Although a well-respected journalist writing on the Vatican says it's difficult to say these problems had nothing to do with the resignation, and another journalist, quoting a Cardinal, believes the Vatican Leaks probably did have something to do with the pope's decision, our writer believes it's necessary to see the issue with a little more impartiality.To say these problems were the only reasons for the resignation, he says, is to deal in sensationalism and exaggeration. That the Vatican is in need of purification and reformation is nothing new. The Church is not a community of angels but of human beings with all the faults that come along with being human.
Are the problems faced by the pope any different from the scandal of worldwide poverty? Of abortions? The frequency of local wars and terrorism? The relativism and secularism that threaten religions? Are they really any different from the scandals in the Vatican? Can one say with any certainty that Vatican-related problems had more to do with the resignation of the pope than the problems that threaten the stability of the whole world?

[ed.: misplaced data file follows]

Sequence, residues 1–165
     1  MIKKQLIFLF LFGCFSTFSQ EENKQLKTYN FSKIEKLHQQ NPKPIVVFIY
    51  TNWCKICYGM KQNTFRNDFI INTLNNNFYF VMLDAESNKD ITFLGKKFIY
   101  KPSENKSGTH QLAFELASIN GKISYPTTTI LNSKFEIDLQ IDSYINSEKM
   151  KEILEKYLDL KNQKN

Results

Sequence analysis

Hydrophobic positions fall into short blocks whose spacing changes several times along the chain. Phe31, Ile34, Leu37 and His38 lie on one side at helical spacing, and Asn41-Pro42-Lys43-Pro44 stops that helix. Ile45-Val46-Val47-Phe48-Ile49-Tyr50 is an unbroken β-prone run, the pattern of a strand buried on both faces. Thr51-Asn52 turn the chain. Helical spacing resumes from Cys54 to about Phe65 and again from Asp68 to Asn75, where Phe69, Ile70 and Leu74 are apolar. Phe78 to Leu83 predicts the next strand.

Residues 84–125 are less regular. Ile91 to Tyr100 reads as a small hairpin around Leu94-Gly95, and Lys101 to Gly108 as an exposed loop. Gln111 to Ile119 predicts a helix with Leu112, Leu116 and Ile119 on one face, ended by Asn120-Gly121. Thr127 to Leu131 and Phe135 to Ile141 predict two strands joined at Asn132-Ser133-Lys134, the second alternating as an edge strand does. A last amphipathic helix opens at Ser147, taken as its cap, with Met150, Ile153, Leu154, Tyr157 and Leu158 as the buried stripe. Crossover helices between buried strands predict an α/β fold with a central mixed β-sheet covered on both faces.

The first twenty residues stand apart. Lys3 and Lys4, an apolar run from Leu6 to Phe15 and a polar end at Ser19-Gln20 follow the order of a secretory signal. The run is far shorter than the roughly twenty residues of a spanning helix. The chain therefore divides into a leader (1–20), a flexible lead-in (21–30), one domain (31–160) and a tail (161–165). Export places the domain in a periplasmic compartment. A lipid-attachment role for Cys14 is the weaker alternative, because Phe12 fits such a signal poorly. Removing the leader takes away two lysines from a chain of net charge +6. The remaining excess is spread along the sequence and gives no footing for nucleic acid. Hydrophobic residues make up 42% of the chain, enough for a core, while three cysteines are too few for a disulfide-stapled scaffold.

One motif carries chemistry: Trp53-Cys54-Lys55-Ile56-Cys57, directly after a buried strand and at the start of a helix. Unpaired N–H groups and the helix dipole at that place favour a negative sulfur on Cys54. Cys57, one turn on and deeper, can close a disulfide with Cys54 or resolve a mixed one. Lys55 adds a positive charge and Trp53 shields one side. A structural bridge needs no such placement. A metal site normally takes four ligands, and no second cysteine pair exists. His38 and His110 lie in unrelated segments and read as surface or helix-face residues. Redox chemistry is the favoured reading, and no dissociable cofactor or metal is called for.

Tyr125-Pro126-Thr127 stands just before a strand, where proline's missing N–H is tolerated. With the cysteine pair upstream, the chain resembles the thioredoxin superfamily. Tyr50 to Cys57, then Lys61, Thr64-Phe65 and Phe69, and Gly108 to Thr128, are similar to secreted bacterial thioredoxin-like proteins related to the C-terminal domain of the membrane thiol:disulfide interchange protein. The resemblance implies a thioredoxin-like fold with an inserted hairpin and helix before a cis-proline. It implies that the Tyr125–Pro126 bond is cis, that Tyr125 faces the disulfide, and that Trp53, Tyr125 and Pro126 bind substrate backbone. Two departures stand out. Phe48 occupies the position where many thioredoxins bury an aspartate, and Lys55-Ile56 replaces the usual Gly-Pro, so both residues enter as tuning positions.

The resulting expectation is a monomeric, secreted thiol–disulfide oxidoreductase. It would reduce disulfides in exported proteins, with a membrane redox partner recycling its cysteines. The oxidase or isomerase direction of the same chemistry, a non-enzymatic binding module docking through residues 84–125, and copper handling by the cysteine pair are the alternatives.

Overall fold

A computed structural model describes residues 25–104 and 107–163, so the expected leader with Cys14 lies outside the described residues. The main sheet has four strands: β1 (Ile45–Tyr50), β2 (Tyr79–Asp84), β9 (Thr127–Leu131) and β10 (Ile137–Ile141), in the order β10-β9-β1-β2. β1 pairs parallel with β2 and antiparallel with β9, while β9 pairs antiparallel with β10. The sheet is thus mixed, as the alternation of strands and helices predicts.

Most likely the reason for the resignation, the columnist imagines, is the pope's desire to see someone replacing him who is younger, with the vigor and enthusiasm that comes with youth, and thus better able to deal with the present crisis facing the Church and the world. There is no need to look for worldly motives, or to look at the resignation with gloom as something full of intrigue. He believes it was simply the humble move of a pope who, because of age and health problems, decided that what the Church needs now is someone who would do a better job than he's capable of doing at this point in his life.